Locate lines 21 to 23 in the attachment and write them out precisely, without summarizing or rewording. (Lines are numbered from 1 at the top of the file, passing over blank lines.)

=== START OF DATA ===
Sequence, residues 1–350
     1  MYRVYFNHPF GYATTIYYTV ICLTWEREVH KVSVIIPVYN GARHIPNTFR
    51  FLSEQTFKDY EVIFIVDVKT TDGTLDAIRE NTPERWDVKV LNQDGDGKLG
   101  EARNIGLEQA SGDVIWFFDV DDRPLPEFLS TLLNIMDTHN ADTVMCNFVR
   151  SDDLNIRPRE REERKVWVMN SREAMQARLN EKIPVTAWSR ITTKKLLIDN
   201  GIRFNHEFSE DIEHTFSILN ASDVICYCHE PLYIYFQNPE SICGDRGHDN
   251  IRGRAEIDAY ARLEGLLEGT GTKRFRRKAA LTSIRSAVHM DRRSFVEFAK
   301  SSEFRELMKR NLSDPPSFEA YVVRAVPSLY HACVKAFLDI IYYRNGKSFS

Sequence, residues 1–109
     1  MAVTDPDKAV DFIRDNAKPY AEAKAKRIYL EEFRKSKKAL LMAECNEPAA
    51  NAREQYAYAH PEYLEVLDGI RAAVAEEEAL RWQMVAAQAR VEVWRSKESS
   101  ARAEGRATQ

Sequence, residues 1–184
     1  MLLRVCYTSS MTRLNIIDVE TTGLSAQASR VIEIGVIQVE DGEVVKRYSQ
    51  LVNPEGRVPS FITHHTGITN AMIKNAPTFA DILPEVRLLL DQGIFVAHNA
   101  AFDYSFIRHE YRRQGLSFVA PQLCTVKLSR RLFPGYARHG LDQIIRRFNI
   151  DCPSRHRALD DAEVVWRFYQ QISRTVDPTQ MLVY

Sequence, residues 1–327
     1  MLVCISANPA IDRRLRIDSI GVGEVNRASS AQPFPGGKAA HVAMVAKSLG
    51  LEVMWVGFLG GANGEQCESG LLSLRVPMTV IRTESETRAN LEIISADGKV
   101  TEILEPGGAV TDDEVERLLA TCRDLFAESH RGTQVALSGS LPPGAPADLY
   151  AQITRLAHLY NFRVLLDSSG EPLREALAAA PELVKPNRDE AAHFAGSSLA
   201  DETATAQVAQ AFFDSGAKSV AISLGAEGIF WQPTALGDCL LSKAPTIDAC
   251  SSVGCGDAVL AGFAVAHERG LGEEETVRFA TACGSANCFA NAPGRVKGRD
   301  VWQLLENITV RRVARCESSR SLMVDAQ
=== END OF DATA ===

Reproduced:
   101  TEILEPGGAV TDDEVERLLA TCRDLFAESH RGTQVALSGS LPPGAPADLY
   151  AQITRLAHLY NFRVLLDSSG EPLREALAAA PELVKPNRDE AAHFAGSSLA
   201  DETATAQVAQ AFFDSGAKSV AISLGAEGIF WQPTALGDCL LSKAPTIDAC